As you might imagine, the fallout of familiar fraud can run deep. Think, for a minute, how it would feel to find out that your best friend of 30 years has stolen your identity. Something similar happened to a man named Thomas Nitzsche. He hired his cousin to remodel his bathroom, and he gave his cousin his credit card. What did Thomas’ cousin do? He took the card, bought a bunch of merchandise, and then he sold the merch on the streets.

Even when this happens, it’s common for people who learn that they are a victim of familiar fraud to want to naturally protect their loved ones. This might be due to protecting relationships or to avoid backlash from others. There is also the fact that your family might not believe you when you tell them your sister or your father has been stealing from you.

What Should You Do?

 If you think that you are the victim of familiar fraud, you should do the following:

  • Do your best to keep your emotions out of it.
  • Keep an eye on your credit report. You should also place a fraud alert or better, get a credit freeze on your credit file.
  • Think about resolving things without police intervention if it is pretty minor.
  • If not, you might want to contact the cops, but think about the pros and cons of this.
  • If you do report this, expect some turmoil within the family, but also realize that you are protecting your credit.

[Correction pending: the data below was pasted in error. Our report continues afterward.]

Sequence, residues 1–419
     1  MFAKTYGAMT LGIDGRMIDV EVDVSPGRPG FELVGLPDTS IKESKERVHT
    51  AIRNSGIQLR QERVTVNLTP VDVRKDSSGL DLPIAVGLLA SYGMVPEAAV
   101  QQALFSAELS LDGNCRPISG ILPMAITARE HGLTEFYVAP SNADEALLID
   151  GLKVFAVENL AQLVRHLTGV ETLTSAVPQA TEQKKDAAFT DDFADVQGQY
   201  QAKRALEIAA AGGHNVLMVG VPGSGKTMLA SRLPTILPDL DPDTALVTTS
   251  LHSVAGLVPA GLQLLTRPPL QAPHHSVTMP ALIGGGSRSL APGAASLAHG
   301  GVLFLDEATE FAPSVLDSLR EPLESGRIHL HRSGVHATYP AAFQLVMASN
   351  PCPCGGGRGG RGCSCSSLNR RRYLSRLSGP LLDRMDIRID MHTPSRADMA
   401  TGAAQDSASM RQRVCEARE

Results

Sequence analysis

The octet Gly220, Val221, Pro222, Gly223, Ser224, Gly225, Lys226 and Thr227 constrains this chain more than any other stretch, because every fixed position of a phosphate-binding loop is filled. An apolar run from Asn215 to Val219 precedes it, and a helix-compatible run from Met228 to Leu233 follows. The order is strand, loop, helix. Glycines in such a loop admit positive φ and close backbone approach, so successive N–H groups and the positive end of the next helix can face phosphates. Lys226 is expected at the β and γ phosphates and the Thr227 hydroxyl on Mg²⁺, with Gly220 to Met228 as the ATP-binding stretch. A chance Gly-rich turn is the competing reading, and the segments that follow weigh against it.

If you file a police report, you will also be able to get an extended fraud statement, which can last for seven years. This may or may not mean you won’t be responsible for any charges. Lenders sometimes look at familiar fraud as an approved purchase and will not negotiate forgiveness.

Other Safety Measures 

  • Each month review your credit card statements.
  • If you see changes, even small ones, you should report it immediately
  • Don’t give out your debit or credit card to your friends or relatives. If you want to give them money, give them cash.
  • Set up push notifications or push alerts so you are aware of charges in real time.

Written by Robert Siciliano, CEO of Credit Parent, Head of Training & Security Awareness Expert at Protect Now, #1 Best Selling Amazon author, Media Personality & Architect of CSI Protection Certification.

What the Equifax Data Breach Can Teach Us About Security Fatigue

If you buy anything, anywhere, you are at risk of a cyber threat. Though you probably know that cyber threats exist, if you are like most of us, you don’t’ know what to do when it comes to being safe online, and if you become a victim, you really don’t know what to do. This is all important as we prepare for the next big breach like the one that happened with Equifax. If you use credit, you are a potential victim here.